The Mythology of Protest
During last week’s mythology discussion, the idea of present day political protesters as heroic figures came up several times. There’s a lot for us to explore in terms of the mythological structures of protest.
To start this discussion, we can look at an anti-hero who has been compared both to Robocop and Darth Vader: Lieutenant John Pike, the policeman who was videotaped pepper spraying peaceful protesters sitting on a sidewalk at the UC Davis campus.
The mythologizing of this character started with the simple distribution of the video of the pepper spraying. From there, it’s gone into much wider media.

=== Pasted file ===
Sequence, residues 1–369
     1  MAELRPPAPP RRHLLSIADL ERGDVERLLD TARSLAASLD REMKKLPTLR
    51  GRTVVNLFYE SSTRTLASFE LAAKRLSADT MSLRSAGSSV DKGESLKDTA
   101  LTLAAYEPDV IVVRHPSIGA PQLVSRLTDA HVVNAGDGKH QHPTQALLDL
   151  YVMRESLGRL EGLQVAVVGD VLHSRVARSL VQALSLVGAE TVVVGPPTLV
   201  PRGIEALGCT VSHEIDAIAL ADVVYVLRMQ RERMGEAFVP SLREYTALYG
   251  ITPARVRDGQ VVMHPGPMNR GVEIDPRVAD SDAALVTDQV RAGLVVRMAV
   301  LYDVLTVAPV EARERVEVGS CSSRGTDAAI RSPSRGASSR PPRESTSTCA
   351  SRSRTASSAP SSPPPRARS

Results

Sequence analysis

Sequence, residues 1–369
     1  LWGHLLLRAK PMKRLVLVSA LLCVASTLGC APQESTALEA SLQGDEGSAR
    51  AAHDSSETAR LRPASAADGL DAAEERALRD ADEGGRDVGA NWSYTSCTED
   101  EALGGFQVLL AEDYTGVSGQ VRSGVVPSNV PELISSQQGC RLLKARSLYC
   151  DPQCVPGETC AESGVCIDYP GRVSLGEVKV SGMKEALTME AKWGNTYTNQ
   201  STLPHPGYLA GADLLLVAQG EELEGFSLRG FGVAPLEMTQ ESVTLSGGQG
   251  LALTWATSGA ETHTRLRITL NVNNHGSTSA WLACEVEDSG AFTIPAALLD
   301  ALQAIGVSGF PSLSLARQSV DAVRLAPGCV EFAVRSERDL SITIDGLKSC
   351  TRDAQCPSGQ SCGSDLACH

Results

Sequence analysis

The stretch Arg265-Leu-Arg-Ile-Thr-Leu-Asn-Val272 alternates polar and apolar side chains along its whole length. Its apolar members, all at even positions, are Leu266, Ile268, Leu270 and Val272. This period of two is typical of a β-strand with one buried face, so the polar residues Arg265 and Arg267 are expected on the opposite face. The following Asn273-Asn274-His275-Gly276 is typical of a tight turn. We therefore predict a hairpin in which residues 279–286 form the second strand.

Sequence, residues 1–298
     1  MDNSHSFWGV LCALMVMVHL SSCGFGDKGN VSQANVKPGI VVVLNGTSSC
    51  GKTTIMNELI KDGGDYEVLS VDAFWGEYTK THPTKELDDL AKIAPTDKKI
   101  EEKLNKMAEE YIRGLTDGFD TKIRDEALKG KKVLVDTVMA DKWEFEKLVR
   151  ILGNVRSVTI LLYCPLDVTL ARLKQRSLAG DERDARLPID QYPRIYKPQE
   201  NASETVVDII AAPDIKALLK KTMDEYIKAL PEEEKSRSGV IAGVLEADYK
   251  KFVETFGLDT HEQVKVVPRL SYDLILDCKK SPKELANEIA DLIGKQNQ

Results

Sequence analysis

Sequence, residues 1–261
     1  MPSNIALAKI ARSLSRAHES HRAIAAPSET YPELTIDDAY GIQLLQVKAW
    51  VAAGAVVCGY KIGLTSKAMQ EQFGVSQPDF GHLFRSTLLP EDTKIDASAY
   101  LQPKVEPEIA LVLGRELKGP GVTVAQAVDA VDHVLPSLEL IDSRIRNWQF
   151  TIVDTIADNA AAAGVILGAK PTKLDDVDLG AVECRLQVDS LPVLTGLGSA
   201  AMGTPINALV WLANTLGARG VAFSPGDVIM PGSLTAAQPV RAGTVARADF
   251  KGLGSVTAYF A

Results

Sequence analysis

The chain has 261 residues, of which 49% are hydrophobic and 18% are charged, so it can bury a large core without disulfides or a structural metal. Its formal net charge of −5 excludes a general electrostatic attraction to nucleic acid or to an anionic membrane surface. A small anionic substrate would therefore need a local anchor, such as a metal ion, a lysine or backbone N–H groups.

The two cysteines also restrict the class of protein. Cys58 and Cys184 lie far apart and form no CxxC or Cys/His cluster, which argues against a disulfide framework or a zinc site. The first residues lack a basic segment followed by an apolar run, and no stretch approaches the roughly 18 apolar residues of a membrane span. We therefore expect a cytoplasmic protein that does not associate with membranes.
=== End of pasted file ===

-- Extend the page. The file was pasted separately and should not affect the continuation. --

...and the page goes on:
Pike’s image was spliced into fine art, pepper spraying people in famous paintings. Then, Pike was cut into scenes from popular movies, as in the Harry Potter movie seen below.
By yesterday, Pike’s distinctive pepper spraying stance could be seen on Thanksgiving turkeys:
Anthropologists have written about the way that people working in the mythic element mix and match cultural symbols in order to try to make meaning out of uncertain situations. That’s what seems to be going on with the now-iconic image of Lieutenant John Pike.
What meaning do you make of it?